Several show-stopping and intellectually-challenging works welcomed viewers to the Lungomare G. Marconi, the section of the exhibition most arrayed with art. In city terms, this part of the exhibition runs some 5 or 6 city blocks. First to catch our eye, and especially hypnotic, when lit up at night, was Chinese artist Feng Feng’s stunning W Fountain (2010), an intensely bright yellow McDonald’s sign, the iconic form turned upside down. Also prominently featured in Vallese’s Cracked Culture exhibition, W Fountain is the artist’s comment on the rampant spread of Western culture—in this case, fast food. Some ten feet away, separated by a tree and some foliage– as were most of the works along this botanical stretch–was “Hey?!!” Italian artist Filippo Zuriato’s terracotta sculpture of a young Chinese boy enclosed in a wire cage. Dressed in the ubiquitous T-shirt and jeans outfit–the boy points to his almond shaped eyes. The work, in which the boy boldly calls attention to himself, was open to a myriad of interpretations: possible loss of identity is one; loss of freedom, another.
Across the avenue, enticingly situated at the entrance to the beach, was Bangladesh artist Ronni Ahmmed’s intricately constructed sculpture, The Tomb of Qara Köz (2011). Rooted in Opera Aperta, or ‘open work of art,’ as set forth by Umberto Eco’s book of the same name, and traditional Bengali theatre (both of which use history to tell their stories), Tomb was composed of three layers of 1254 glasses, each holding a cartoon-painted egg in the manner of Bassano, Veronese, and Tintoretto. The pyramidal sculpture, top-heavy in meaning, was meant to recall, as the catalog informed us, the campaign of Mughal princess Qara Köz, who exerted powerful influence in the Florence of Medici. The sculpture’s three planes paid homage to Venice’s Bengali immigrants, the adventures of Pinocchio, and Fairytale, Ai Weiwei’s 2007 Documenta installation, the latter which inspired Ahmmed to emulate Weiwei and invite 101 Bengalis visitors to his tomb, to record their secret desires, pay alms, and make their wishes come true.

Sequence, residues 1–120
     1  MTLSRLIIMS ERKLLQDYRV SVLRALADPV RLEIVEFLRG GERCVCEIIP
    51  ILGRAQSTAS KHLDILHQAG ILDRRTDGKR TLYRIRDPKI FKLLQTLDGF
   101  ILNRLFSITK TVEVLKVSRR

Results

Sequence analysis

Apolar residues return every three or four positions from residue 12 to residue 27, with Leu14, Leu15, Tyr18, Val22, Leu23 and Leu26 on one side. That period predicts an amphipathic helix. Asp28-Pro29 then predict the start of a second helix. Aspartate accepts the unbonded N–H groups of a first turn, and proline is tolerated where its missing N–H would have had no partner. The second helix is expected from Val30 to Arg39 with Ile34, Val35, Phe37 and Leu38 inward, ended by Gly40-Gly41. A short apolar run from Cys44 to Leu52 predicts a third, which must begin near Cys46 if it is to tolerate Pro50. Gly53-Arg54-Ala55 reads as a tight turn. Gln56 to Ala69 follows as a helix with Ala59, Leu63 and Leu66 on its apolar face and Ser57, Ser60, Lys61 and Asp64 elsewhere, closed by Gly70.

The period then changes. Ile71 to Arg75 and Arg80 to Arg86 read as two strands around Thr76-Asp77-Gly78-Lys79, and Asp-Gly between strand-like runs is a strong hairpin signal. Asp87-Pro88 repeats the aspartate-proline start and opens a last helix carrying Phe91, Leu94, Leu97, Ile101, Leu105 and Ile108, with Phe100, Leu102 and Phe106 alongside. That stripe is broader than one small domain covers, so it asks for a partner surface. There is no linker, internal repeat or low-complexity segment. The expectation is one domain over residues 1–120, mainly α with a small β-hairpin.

Back to the residential side of Lungomare G. Marconi – which is lined with a steady stream of stately mansions – could be seen Albanian artist, Alfred Milot Mirashi’s Do, Try (2011), a large, severely bent, partially-painted golden key, reminiscent of Oldenburg’s sculptures of everyday objects. Though minimally constructed, it maximized the ideas it conjured, as everybody, the world over, not only deals with keys but uses the very word in many contexts. The ‘key to my heart’ comes quickly to mind, followed by the ‘key to the city’, among other things. Though these are popular usages, according to curator Rahman, Mirashi is thinking about the human body— the twisted, tormented people “who reach out, body and soul, in their yearning for peace.” Given the key’s contorted anatomical referencing, it seems the artist’s wish for universal peace will be a long-time coming.